Unfortunately, those old practices have descended to a low level today. Many people want to meditate on an animal skin, and this has been propagated by the people who are selling the skins. Certainly you can’t get helpful qualities from animals that have been slaughtered. I personally don’t like to use a skin for meditation. I don’t know whether the animal has been killed or died naturally. If I buy it, I will be encouraging people to kill more. I would suggest a clean white sheet, folded over a blanket or carpet. Use this only for your meditation practice and it will build up wonderful vibrations.
Preparing your body for meditation is also important. In meditation you are trying to keep the mind steady and one–pointed without shaking too much. To do this, begin by making the body steady. This is possible only if you make a firm decision. Just tell the body and the limbs, “I’m not going to move any part of the body until I finish the meditation.” Every cell in your body will hear the decision you make. If the decision is very strong, the body will obey you without complaining. Imagine your mind and body as little children. If you want them to obey, you must be a little firm. It’s best to sit in a cross-legged posture. Sit straight. Keep the spine erect, but not stiff. Spread the chest well. Beginners may find this position easier if they sit on the edge of a firm cushion. If this isn’t possible, it’s alright to use a chair, but keep the spine free by not leaning back on it.
It’s normal to feel some pain in a cross-legged position when you begin. Slowly, slowly you will get over it. The minute you feel the pain, change the position of your legs. Sit some other way that’s more comfortable for you, and continue your meditation. This doesn’t mean you should avoid sitting and meditating. Each day sit to that point where you feel the pain, then shift to another position. You can even get up while meditating and walk around a little; then, sit awhile longer. Once you find the real center of gravity (your equilibrium) you’ll have a victory over the position and be seated in a steady and comfortable pose. Build your meditation little by little.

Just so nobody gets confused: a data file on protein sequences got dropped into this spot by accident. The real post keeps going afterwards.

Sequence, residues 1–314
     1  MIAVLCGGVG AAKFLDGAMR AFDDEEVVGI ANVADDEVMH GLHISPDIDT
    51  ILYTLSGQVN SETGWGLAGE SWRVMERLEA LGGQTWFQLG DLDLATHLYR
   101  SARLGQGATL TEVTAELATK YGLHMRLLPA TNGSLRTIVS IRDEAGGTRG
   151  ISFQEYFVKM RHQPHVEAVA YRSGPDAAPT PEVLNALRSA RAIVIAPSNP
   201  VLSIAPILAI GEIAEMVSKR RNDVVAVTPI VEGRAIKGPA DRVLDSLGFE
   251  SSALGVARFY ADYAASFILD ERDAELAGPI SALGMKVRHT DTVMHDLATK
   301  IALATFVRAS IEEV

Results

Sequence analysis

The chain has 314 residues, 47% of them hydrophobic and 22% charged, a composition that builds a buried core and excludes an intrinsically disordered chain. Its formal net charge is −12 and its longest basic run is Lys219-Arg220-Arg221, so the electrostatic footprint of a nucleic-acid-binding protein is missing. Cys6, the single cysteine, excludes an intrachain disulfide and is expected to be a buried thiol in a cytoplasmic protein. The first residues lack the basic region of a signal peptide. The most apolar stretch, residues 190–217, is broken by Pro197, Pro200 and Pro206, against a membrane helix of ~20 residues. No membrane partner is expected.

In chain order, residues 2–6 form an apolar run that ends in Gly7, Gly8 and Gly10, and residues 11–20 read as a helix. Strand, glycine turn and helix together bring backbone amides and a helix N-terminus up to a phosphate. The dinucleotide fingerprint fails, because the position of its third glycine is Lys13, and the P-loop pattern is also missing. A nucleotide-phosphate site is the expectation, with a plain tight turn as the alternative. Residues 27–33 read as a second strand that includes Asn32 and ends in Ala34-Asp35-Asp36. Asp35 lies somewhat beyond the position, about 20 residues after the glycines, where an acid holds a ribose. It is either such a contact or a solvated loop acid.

How long should you sit? If it’s a deep meditation, five or ten minutes are enough. If it’s not deep, stay longer. Begin by sitting for fifteen minutes. In fifteen days you can easily sit twenty minutes each time. Twenty will become twenty-five then thirty. Nothing is built in one day. Everyone who has learned to meditate has gone through these same steps. If in meditation you are sometimes bothered by intruding thoughts or desires, the best thing to do is to meditate on the desire itself. Of course, you can first try to ignore it. But that might not work. A simple example: You are in a room and you are doing something intensely. All of a sudden somebody walks in without an appointment. You look at him out of the corner of your eye and realize that this is not the time to see him, or he is not desirable now. You could say, “Don’t come in without an appointment—get out!” Then he won’t be going away happy. You are making an enemy. He might bang the door as he leaves and go outside and shout. If you reject a strong desire it won’t go away, but will wait for another opportunity to pounce on you when you are a bit weak. Don’t force it out.
If you know someone is there, don’t even look at him. Seem to be very busy—deeply, deeply interested in something. Even when he says, “Sir?” You do not seem to hear him. You are very busy. Get even more involved in your conversation. He will wait some time, then say, “I see. He seems to be very busy. I will come another time.” Then he will walk out.